Although the salt cultivation is on rise in AP, it is not at par with Gujarat; 25000 acres of land is used for salt production in the Andhra Pradesh with an investment of Rs. 40000 per acre. Due to power shortage, the farmers are forced to used diesel motors to pump salt water in the field and poor transport facilities is also adding to the production cost. Farmers are unable to get at least Rs. 100 for 50 kg of salt due to competition from the MNCs. As a result, they are earning less than Rs.70, 000 per acre. Unable to earn even Rs. 10000 per month, the salt farmers of AP are migrating to the other fields. The area under salt cultivation has also declined from 10000 acres to 2500 acres in Srikakulam. While Gujarat, Tamil Nadu and Rajasthan are contributing 96% of the salt, AP shares the remaining 2% of salt production along with Orissa, Maharashtra and Goa.
While the salt farmer is getting less than 50 paisa per Kg out of salt cultivation, the branded salt manufacturer is selling it at the rate Rs. 25 in the retail market. Rs. 24.50 is lost in the hands of middle men in this process and the private companies are not passing the benefits to the farmer. 90% of the salt production in India is in the hands of private operators. While 8% salt production is under the cooperative societies, the government holds only 2% control. The private companies with huge investments and modern machinery could influence the market price, threatening the livelihood of the poor farmer.
The state of Andhra Pradesh needs a serious retrospection of its salt policy to increase the productivity and per capita income of the salt producer by bringing more area under cultivation Labor intensified salt production must be mechanized and the local youth and unemployed should be thoroughly trained to meet the market demands. The government must offer subsidized loans to the locals to farm salt under co-operative sector and should come to their rescue in foxing reasonable market price. 50,000 jobs can be created in Andhra Pradesh through salt cultivation with per capital income of 1.2 lakhs per worker. Salt processing unit can be established with less than 25 lakhs initial investment. Andhra Pradesh Government should promote salt processing zones with provision to export 50% in Special Economic Zone like Gujarat, also encourage unemployed youth to establish units with subsidiaries. China is the largest importer of the Indian salt followed by the Japan, Korea, and the Middle East.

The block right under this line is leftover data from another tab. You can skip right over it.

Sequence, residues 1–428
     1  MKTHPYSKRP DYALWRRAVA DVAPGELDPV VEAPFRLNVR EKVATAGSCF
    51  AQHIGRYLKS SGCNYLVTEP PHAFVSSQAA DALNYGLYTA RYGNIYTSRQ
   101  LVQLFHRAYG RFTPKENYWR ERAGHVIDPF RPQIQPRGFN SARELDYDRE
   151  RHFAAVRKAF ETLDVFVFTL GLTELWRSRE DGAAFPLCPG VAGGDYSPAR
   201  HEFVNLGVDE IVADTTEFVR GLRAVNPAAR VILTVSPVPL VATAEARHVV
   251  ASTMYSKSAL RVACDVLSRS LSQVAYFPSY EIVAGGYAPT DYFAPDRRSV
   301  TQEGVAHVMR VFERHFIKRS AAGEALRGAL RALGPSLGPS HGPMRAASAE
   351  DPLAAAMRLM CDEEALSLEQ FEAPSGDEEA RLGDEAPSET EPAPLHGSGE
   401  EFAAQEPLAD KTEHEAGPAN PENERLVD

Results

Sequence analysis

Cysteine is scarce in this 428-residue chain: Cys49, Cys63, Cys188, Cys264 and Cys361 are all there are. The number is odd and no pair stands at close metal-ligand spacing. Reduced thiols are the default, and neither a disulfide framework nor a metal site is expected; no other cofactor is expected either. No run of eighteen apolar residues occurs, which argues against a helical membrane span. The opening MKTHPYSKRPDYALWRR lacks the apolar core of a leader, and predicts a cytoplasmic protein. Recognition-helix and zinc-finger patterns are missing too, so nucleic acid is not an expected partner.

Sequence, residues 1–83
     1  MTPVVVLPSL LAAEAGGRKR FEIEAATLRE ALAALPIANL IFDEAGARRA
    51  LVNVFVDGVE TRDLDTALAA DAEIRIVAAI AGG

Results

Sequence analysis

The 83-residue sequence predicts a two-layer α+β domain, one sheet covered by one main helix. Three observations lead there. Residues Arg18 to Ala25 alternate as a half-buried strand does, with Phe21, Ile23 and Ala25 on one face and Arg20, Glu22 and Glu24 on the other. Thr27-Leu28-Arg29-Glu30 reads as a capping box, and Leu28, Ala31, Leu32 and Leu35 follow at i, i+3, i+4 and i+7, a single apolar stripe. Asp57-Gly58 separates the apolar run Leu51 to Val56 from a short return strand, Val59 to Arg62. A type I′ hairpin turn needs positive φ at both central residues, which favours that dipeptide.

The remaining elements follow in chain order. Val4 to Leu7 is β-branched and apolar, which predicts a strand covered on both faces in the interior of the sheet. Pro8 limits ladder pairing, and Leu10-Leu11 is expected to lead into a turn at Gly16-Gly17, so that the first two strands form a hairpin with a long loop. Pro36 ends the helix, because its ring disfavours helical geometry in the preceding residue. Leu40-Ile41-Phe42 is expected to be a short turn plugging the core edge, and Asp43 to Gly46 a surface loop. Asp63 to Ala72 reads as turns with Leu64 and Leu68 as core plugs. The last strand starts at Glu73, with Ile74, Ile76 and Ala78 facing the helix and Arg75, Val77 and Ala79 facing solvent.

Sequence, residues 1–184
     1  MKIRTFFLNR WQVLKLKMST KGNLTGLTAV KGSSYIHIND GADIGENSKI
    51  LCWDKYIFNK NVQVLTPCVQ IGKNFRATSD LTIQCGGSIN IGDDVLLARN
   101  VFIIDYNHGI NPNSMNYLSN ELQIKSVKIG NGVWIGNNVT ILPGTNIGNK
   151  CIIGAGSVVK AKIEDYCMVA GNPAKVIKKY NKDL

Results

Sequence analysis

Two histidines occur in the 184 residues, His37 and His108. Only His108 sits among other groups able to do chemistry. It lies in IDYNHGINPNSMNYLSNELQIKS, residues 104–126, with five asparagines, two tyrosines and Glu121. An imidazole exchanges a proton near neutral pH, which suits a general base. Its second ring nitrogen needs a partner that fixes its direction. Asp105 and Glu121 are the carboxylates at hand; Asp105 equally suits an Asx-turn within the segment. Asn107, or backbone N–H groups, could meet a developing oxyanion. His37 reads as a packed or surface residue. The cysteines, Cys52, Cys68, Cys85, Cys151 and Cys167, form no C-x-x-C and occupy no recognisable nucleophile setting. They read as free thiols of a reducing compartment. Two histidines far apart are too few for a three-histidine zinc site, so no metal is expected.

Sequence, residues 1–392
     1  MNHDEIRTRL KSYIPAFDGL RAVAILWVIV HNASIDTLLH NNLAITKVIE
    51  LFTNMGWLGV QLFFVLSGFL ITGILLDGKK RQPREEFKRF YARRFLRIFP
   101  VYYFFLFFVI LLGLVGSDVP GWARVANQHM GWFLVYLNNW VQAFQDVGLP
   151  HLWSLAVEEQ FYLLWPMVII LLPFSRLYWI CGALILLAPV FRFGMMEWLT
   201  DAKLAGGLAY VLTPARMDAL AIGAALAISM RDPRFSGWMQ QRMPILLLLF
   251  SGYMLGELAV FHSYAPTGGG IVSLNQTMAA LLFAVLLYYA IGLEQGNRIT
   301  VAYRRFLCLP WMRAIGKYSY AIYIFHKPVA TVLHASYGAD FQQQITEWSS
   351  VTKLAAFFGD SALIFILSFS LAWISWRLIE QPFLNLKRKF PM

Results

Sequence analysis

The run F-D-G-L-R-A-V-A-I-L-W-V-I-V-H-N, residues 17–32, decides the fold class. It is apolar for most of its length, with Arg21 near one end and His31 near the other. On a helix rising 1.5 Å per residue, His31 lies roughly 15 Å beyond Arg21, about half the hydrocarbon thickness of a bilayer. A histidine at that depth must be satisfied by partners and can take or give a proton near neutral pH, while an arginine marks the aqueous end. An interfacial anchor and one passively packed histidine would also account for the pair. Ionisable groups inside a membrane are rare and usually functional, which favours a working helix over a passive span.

Like MSTC, the government should set up an independent platform to trade salt, where the farmers can directly sell it to the buyers online without the middle men so that the maximum benefits can be extended to the real beneficiary. Andhra Pradesh has so far achieved several mile stones in the sase of doing business and extending support to the private and foreign investors. The same attitude should be extended to the local salt manufacturers of Uttrandhra districts that own more than 350 Km of sea shores. The government must announce a favorable salt policy for the local producers that include subsidized investment, liberal repayment, marketing, training the locals to meet the international demands and the online salt portal that enable the farmers to directly sell his product.
Dr Srinubabu Gedela visited salt producing places in India and Andhra Pradesh and interacted. Dr. Srinubabu Gedela, completed Ph.D fom Andhra University and Postdoctorate from Stanford University. The research work is part of Pulsus Group CSR activity.